It wasn’t the first work of spec fic I had ever read (that would be Stranger from the Depths by Gerry Turner) but it was the first spec fic novel that really lit my pilot light for the genre. Because of my enjoyment of this particular little adventure, I read the rest of Clarke’s works in one summer when I was a wee lad living in Hawai’i at Hickam AFB. I was living in ‘paradise’ and still found myself flopped on the rough carpet in the base library in front of the shelf filled of paperback science fiction that scores of young G.I.'s had given to the library when they had moved on to other assignments.

Clarke had a deft way of cleverly and smoothly incorporating the odd bit of LGBT content into his works from time to time. For me it was like magic to read those few pages wherein he made mention of people like myself, within a science fiction universe, no less. No big thing. No heavy handed obtrusiveness. Just… there, like everyone else around me.

The City and the Stars itself includes no such content, but had I not read that one novella, I would probably not have read the rest of his works until who-knows-when later, and would not have received that reassurance, so early on, that there was a place for me in the future. It was like an invitation from Clarke, letting me know that I existed and was in fact not invisible.

This is cheating the “one-only” regulation just a wee bit…

Patrick O’Brian’s Jack Aubrey series… Master & Commander etc. There are 20 books in the series. They’re so very well written, technically and historically; the characters very quickly become your friends (I cheer for them); and the plots are riveting. There are twenty (and a half) books but they flow in series so they’re one gigantic book.

I just finished reading The Children of Witches by Sherri Smith and loved it. It’s set in 1700s Germany (think witch hunts); she’s married to the local tavern-keeper and has two sons. One is special. He’s so special that the local priest takes him to help manage the town’s children who lead the witch hunts. At about the two-thirds mark, as riveted as I was, I wanted to put the book away for fear of the way it was looking to end. But stopping mid-book is against my rules and so I crept forward. I’m not going to break the rule about reviewers spoiling the ending except to say, “I loved it”. I re-read it and have kept it for another read. Very well written. Beautiful characters. Intriguing and exciting and emotional.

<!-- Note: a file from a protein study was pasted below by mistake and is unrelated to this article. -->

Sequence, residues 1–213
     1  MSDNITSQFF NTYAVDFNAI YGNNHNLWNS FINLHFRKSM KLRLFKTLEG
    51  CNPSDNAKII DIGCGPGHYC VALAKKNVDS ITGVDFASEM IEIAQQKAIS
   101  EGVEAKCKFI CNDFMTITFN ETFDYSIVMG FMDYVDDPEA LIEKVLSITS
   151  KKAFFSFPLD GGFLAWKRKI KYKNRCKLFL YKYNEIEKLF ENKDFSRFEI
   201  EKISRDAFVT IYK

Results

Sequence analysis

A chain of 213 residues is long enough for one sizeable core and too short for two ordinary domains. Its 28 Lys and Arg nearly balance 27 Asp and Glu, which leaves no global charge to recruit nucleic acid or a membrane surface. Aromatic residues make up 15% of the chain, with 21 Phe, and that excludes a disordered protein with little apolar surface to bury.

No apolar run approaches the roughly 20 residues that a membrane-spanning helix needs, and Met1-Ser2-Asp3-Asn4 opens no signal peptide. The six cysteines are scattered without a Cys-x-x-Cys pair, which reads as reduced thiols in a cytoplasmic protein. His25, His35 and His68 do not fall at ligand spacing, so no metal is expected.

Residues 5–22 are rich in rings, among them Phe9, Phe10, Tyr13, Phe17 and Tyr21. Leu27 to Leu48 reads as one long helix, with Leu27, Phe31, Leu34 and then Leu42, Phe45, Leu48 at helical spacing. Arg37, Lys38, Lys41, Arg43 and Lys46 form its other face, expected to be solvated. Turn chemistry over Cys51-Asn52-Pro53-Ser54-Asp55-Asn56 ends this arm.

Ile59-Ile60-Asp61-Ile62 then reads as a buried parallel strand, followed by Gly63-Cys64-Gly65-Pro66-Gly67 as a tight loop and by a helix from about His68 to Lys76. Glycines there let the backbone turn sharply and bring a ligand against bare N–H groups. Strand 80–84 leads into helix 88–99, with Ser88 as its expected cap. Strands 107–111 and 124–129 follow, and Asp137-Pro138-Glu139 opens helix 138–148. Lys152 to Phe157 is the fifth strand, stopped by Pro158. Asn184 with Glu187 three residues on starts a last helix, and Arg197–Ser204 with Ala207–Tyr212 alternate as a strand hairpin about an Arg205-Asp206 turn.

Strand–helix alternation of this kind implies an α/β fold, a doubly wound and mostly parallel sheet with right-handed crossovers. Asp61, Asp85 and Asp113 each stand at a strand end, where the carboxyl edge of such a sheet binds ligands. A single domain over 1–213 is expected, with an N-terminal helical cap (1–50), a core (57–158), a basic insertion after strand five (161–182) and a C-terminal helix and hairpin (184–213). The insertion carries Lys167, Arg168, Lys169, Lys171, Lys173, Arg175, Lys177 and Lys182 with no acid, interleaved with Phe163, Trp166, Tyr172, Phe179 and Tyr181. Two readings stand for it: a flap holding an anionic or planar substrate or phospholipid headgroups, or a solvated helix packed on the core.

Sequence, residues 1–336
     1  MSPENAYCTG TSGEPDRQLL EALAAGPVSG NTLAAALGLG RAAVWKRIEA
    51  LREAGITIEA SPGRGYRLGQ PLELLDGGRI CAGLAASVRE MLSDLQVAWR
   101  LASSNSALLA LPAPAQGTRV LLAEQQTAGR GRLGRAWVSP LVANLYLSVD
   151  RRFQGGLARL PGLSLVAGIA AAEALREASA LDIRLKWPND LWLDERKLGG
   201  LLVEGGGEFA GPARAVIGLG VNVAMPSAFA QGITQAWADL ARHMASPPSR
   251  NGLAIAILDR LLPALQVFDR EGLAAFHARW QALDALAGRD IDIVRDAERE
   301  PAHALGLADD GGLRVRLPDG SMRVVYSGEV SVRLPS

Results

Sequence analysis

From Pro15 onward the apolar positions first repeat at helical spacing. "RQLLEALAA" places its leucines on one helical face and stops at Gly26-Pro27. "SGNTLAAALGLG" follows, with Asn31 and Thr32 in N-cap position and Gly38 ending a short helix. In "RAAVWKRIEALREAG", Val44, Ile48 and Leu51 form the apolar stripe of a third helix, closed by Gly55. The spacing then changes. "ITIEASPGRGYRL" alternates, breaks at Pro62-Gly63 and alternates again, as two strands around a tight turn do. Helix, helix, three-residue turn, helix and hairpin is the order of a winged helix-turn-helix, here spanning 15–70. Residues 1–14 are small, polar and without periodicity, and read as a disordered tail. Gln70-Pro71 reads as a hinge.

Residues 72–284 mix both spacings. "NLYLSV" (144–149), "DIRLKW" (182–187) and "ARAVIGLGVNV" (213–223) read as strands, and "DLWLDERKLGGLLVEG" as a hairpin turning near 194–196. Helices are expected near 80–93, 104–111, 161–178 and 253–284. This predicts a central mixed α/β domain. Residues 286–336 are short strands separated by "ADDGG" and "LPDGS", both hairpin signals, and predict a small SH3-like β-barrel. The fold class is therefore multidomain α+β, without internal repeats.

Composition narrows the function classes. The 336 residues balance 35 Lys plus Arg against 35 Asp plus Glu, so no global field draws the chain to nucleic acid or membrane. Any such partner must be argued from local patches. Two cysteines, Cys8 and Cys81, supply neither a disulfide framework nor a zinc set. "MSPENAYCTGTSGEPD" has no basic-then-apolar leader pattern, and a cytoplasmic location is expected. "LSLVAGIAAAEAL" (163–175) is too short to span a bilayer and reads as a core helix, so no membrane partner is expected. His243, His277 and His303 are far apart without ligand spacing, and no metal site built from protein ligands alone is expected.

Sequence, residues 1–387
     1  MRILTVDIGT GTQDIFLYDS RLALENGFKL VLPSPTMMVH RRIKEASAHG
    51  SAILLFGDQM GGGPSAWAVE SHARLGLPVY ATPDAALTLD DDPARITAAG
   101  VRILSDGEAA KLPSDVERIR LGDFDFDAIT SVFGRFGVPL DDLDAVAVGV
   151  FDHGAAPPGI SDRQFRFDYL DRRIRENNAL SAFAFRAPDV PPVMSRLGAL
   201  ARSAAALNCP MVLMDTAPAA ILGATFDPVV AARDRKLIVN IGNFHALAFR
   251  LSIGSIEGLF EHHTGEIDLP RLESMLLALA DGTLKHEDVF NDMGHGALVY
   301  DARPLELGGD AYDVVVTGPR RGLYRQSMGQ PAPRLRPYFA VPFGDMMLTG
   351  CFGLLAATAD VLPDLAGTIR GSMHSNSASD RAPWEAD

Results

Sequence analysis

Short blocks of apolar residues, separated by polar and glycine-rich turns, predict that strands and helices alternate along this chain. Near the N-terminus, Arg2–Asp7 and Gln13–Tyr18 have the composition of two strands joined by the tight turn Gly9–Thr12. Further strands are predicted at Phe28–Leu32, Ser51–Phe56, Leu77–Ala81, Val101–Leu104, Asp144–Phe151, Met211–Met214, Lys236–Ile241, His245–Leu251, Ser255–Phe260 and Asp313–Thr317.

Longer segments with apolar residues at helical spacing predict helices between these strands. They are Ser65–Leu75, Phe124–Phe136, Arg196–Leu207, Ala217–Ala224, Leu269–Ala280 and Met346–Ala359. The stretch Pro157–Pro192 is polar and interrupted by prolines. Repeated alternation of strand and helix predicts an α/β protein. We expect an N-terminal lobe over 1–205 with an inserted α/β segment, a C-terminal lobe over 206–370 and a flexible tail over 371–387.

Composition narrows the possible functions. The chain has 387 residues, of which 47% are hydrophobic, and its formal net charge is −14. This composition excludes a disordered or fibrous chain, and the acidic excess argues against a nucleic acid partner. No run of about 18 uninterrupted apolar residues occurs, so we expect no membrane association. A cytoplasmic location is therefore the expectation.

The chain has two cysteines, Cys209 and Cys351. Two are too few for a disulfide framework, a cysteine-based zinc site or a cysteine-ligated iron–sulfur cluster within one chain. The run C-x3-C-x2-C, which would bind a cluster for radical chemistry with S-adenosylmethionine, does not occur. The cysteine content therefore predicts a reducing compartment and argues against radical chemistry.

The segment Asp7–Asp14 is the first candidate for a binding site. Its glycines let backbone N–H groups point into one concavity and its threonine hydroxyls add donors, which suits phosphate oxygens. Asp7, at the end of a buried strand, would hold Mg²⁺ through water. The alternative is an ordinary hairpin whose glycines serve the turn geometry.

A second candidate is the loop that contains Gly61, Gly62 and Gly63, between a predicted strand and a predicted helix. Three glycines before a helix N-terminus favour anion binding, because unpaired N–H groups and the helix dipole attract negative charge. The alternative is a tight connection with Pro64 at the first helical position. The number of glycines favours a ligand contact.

Can I write about my favourite eBook? I’ve resisted the eBook thing but I love my iPod Touch and I secrretly think I will love reading books on an iPad. It was Amaranth by Sal Maa-Neco. I got it from and I read it on my iPod Touch using Kindle. It’s a fascinating romp / story as told by an old man recalling his childhood friend and their adventures growing up in Istanbul. I’ve been to Istanbul and I think that’s why I bought this book, and I’m a sucker for boy/childhood adventure stories in exotic locations (I blame Mark Twain and Robert Louis Stevenson). I’m fairly hard-hearted but I cried reading this book - and I wasn’t expecting that. But I also laughed aloud and it’s been a while since I did that reading a book. This was certainly a very good introduction to ebooks, and I think I’m sold on them. Reading on my iPod Touch was far better than I was expecting. I liked the way the writer was able to incorporate colour pics into the story. Having written about Amaranth, I think my next thing is to re-read it.

I’ll go with Michael Steele’s answer and say A Tale of Two Cities, oops, I mean…

The book that has probably influenced me most in my life is called Scepticism Inc and by Bo Fowler.

But my favourite book is probably Tristram Shandy by Laurence Sterne because I could reread it hundreds of times without it losing much.